The Road To Resilience Calls For Emotional Intelligence
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The Road To Resilience Calls For Emotional Intelligence

Sherri Mandell
Sherri Mandell

In her book on resilience, “Option B: Facing Adversity, Building Resilience, and Finding Joy,” Sheryl Sandberg writes about the importance of letting other people know how we feel when we are grieving a loss. In my own book, “The Road to Resilience,” I write about how the community can help us. Yet it is not always simple. Sandberg surrounded herself with expert care. Not everybody can. And even when we have support, we may not be able to open ourselves to receive it. Yet I agree with Sandberg that it may be exactly when we need to learn to accept help. I know. I, too, was privileged to receive the care I needed.

In 2001, my son, Koby, and his friend, Yosef Ish Ran, were attacked by terrorists, beaten to death with rocks when they were 13 years old, near our home in Israel. After Koby was murdered, it was the community that kept my family alive. People were with us in our home, they made us meals, took care of us, and that care continued for the first year, and in different forms, for many years afterwards. It would have been too much for us to carry the pain alone. It is the community that can make the difference in a person’s survival and resilience. In fact, a study showed that the mental health of child soldiers in Nepal was most affected by the way these children were received by their community when they returned home, not by the atrocities they had witnessed.

My husband and I created the Koby Mandell Foundation after my son’s murder to help bereaved and traumatized children and families in Israel cope with bereavement and trauma. We run Camp Koby as well as support groups for bereaved children and families. In this way we create a community for others.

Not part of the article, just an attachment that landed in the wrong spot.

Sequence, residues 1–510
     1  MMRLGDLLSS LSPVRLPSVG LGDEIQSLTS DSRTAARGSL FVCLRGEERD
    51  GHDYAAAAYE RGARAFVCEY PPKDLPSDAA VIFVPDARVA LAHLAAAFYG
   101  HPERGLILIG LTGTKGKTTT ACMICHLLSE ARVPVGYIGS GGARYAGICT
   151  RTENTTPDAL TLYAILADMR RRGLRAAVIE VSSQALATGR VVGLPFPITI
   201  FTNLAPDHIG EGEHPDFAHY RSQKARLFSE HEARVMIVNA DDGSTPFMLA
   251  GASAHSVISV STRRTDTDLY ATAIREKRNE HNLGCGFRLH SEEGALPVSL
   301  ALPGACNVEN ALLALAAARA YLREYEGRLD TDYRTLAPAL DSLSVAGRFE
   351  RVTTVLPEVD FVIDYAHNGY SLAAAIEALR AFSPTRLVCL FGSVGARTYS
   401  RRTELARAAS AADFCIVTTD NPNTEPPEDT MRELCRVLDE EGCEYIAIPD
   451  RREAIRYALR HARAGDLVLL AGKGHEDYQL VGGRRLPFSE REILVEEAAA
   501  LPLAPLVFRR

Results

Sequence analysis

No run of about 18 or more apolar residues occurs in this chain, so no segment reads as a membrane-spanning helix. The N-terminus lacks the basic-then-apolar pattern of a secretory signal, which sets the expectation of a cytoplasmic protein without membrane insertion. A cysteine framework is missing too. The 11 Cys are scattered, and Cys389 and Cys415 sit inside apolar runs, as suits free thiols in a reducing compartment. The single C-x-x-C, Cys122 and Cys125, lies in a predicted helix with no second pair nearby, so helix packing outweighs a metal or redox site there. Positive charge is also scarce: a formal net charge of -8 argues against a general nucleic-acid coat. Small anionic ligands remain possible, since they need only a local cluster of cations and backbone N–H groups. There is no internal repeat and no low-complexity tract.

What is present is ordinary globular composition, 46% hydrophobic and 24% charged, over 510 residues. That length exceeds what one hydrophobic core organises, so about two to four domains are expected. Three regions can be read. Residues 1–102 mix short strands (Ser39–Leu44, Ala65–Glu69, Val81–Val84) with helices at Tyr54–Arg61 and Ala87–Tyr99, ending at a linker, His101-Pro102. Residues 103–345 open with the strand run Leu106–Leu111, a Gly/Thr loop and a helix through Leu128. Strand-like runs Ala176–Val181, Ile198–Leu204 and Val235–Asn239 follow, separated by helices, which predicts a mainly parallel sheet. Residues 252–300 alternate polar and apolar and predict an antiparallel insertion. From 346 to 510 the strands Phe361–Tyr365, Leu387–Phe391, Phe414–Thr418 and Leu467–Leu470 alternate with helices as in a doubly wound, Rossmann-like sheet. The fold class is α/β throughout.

Many people who have suffered great loss tell me that there was nobody there to help them. Their neighbors and friends and family were just not willing or available. Some didn’t acknowledge the loss, some couldn’t even say their dead child’s name. Of course, that can cause the bereaved to feel even more isolated.

And people can also unwittingly hurt us and aggravate our pain. For example, during Passover, I was at a wine-tasting fundraiser at the King David Hotel for the Koby Mandell Foundation and an attractive woman in her sixties approached me. She said, “You know if you had been a mother during the Holocaust and you were in hiding and you had a baby and the baby was crying, you would have had to smother that baby and kill him. And there would have been no help for you. You would not have been able to make a foundation.”

I couldn’t believe what I had just heard. I just said thank you and walked away. What was there to say?

A few years ago, in a supermarket, a neighbor said to me: “You know every time I feel bad, I think of you. And then I don’t feel so bad.”

I stood there absolutely shocked. You see, grief opens you to the confusion and fears of other people. And one of the hardest things about being a bereaved person is the things that others say to you.

Of course many of us, not just bereaved parents, hear things from others that shock and dismay us. That is why in “The Road To Resilience” I talk about the need to be a teacher.

But we can’t go around teaching everybody. It would become more of a burden. You have to pick and choose. I was not going to educate that woman in the King David, for example. She is not a friend. I may not ever see her again in my life. Yet it does help, sometimes, if the person is important to us to say, “No, it’s not like that at all. This is what it feels like.”

It’s not easy or simple to be vulnerable and emotionally transparent. But becoming a teacher means that you contribute to the emotional intelligence of the community. Others cannot truly understand but they can learn to be empathetic and compassionate. In this way a bereaved person is transformed from being somebody who needs help to somebody who gives help. When a bereaved people can give from the depths of their experience, they bring wisdom to others. And that honest exchange can build resilience in the bereaved as well as in their communities.

Sherri Mandell is co-director of the Koby Mandell Foundation (kobymandell.org) and the author of the books, “The Road to Resilience” and “The Blessing of a Broken Heart.” She is a pastoral counselor and speaks around the world on grief and healing. Contact her at sherrimandell@gmail.com.

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